Why Obama Should Actually Bite The Bullet And Close Guantanamo Bay
Raúl Castro, the president of Cuba, has demanded the return of Guantanamo Bay; Barack Obama's response has been a speech bubble with nothing but three dots in it.
The demand comes in the midst of the defrosting of the long, chilly relationship between Cuba and the United States. Now that the Cold War is over and Cuba is no longer a nuclear gun Russia has to our head, the time seems right.
All I know about Cuba is based on “The Godfather Part II,” and the pre-revolution scenes make Havana look like a rather nice place to spend spring break. But, in all seriousness, a truce is a mutually beneficial arrangement. Cuba is only 90 miles away.
We might as well be friendly to our neighbors if they do not pose an imminent threat of war.
The time is also ripe to honor Castro's request and close down Guantanamo. This isn't caving to his will; this is a convenient opportunity to do something that should have already been done.
It has been 617 days since President Barack Obama promised to close down the torture site of prisoners who were detained for reasons that would never fly in a US court of law.
These men were locked up for suspicions of terrorism and kept within the barbed-wire walls until our interrogators were through with them. As a world leader, having a tropical torture site is not a particularly good look.
Recently, a CIA report on US “advanced interrogation” tactics shocked the nation. We accepted that our country had engaged in some questionable practices, but to see those practices deliberately detailed in an extensive report turned even some of the strongest stomachs.
The government document told stories of forced rectal feeding, abusive neglect and revolting sanitation conditions. Obviously, this was disconcerting news to hear of our country.
Barack Obama has tsk-tsked these tactics, but he hasn't done enough to show the United States is finished with the barbaric and useless practice of torture.
While Guantanamo is still open, our military forces still have a vacation home from the Bill of Rights. We can't have two sets of rules for citizens and “suspected terrorists.”
If we do, an American citizen only needs to be labeled “suspicious” for his or her basic rights to be stripped. It is a dangerous door to leave open.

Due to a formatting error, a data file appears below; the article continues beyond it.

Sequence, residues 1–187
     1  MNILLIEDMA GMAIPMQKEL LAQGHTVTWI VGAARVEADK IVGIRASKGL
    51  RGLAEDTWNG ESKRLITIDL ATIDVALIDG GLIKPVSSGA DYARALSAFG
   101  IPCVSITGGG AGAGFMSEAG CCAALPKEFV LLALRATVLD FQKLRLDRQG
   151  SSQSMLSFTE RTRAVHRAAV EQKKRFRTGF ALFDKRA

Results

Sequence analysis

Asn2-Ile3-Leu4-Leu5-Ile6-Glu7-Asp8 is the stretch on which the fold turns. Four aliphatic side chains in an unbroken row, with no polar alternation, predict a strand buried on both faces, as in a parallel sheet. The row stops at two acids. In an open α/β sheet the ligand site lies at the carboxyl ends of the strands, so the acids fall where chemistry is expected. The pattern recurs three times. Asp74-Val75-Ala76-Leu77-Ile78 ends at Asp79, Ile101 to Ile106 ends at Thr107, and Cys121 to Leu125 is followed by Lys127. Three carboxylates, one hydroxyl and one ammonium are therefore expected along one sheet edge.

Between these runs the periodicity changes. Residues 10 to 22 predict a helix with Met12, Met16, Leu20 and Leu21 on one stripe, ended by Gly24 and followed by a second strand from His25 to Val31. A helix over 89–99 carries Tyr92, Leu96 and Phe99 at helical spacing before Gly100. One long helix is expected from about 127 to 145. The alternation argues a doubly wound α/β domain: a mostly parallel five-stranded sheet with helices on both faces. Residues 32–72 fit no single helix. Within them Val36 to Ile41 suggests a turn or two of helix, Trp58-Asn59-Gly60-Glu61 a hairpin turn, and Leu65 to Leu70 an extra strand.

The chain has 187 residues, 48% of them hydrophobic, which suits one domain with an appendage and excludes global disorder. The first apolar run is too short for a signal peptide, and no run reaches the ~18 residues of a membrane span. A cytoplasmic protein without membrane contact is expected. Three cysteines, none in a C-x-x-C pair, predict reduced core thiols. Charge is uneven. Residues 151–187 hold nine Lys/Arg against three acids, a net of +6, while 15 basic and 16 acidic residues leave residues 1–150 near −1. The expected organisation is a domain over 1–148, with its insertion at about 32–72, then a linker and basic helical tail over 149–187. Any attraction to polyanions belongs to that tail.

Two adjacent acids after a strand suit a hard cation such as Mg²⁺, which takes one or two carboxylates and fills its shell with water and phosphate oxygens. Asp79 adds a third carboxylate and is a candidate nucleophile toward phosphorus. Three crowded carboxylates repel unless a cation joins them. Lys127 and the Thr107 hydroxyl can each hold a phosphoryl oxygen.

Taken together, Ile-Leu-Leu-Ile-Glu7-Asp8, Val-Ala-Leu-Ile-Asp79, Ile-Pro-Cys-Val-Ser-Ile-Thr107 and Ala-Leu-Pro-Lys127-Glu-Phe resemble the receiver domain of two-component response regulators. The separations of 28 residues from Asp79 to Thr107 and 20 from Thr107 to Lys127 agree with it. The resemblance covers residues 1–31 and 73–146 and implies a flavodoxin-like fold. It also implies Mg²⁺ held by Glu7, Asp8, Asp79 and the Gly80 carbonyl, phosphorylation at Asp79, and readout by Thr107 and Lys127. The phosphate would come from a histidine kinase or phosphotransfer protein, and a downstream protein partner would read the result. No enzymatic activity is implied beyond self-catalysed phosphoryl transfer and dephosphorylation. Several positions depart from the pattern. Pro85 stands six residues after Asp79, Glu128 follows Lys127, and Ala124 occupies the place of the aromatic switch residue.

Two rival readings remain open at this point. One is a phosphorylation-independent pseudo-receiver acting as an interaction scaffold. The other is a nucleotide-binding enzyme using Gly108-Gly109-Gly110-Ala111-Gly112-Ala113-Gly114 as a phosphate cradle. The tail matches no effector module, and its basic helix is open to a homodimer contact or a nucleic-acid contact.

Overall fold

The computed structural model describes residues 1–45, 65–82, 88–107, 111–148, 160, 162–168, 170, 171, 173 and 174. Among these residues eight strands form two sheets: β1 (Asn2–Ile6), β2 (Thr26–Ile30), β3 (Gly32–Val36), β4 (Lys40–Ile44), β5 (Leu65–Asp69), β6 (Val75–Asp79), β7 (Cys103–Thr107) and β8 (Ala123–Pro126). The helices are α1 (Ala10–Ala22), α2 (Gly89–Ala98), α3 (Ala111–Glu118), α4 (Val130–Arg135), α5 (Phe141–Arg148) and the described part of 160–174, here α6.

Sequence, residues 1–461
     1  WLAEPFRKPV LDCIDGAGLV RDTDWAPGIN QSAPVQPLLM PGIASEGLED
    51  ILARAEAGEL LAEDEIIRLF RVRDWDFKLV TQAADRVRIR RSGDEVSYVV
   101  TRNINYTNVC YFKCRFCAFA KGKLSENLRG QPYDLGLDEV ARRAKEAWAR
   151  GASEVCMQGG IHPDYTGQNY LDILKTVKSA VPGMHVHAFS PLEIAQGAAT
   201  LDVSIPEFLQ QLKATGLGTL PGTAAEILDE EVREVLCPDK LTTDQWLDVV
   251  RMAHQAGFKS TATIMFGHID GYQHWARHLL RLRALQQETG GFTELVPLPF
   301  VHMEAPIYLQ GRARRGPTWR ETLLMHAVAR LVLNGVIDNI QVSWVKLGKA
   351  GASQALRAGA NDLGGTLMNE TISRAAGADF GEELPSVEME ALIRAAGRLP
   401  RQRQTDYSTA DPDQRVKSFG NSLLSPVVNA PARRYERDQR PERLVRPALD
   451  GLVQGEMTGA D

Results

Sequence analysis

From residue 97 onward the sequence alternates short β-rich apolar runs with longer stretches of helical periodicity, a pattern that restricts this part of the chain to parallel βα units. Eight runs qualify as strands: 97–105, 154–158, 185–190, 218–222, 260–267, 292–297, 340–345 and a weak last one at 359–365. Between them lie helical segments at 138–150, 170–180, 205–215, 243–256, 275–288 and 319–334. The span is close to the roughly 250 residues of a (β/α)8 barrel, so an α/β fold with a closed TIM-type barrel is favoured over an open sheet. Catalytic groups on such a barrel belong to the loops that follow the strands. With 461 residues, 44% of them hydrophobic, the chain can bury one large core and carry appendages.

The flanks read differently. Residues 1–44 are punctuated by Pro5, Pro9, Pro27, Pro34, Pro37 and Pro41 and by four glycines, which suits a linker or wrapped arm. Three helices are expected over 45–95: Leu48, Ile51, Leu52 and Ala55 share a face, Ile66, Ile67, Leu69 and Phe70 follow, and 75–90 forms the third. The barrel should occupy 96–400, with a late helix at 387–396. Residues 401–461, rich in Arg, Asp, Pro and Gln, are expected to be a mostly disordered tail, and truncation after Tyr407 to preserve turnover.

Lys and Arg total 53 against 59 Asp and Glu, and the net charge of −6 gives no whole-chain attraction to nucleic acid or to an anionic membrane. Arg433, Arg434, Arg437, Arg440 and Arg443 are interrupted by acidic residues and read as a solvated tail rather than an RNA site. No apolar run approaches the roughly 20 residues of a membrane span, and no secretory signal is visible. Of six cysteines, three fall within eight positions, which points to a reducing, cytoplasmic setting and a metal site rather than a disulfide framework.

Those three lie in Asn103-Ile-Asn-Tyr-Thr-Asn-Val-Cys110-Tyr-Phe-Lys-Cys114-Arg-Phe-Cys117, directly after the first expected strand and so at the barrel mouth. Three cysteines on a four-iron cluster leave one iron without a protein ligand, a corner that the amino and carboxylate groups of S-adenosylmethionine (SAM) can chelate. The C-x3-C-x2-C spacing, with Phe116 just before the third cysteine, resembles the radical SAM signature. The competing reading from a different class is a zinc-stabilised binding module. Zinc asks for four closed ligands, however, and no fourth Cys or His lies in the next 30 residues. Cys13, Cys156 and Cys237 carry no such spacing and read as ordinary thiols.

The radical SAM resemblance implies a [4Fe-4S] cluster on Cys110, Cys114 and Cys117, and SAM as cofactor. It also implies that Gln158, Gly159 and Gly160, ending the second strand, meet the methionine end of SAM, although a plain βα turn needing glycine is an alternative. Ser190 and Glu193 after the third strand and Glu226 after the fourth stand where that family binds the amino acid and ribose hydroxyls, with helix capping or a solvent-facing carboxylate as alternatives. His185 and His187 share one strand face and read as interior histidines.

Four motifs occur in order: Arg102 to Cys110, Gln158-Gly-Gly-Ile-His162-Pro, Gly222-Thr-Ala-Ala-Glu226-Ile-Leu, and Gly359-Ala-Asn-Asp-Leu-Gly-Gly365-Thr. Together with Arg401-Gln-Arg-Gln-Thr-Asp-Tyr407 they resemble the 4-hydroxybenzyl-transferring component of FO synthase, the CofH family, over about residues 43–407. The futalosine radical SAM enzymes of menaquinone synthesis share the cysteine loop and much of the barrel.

If Obama wants to communicate that America views torture as obsolete, he must shutter Guantanamo's doors.
The closing of this shady prison will send an important international message.
If we exit Cuba, we signal to the world that the United States is ending another outdated, yet prevalent practice. For years, the United States has rolled into weaker countries and done whatever the hell it wants.
Since 1945, the US has attempted to assassinate dozens of foreign leaders and entered several sticky wars we may not have lost, but certainly didn't win.
Some of those guys we targeted were bad dudes, but we've flexed our military muscle a bit too often whenever something we don't like happens. And, it's not like we're only killing for the poor people under a brutal ruler's thumb.
Often, our violent actions are motivated by our own political or economic reasons, rarely with consideration for the native peoples of that country.
Taking bad dudes out, whether through detention or assassination, only allows potentially worse dudes to rise up in their place. For example, we assassinated Osama bin Laden, but in Al Qaeda's vacuum, ISIS has risen.
Bin Laden deserved to die, but the Middle East is still as unstable as it was with him alive.
We've been the World Police with reckless abandon, but a more measured approach might lead to more peaceful future.
The closure of Guantanamo would be a genuinely friendly gesture toward a country we could crush. If we can honor this small, reasonable request from the leader of Cuba, we can show that the United States does not always have to be a bully.
We've tried detention. We've tried torture. We've tried assassinations.
If we can't give peace a chance, at least we can close Guantanamo.
Subscribe to Elite Daily's official newsletter, The Edge, for more stories you don't want to miss.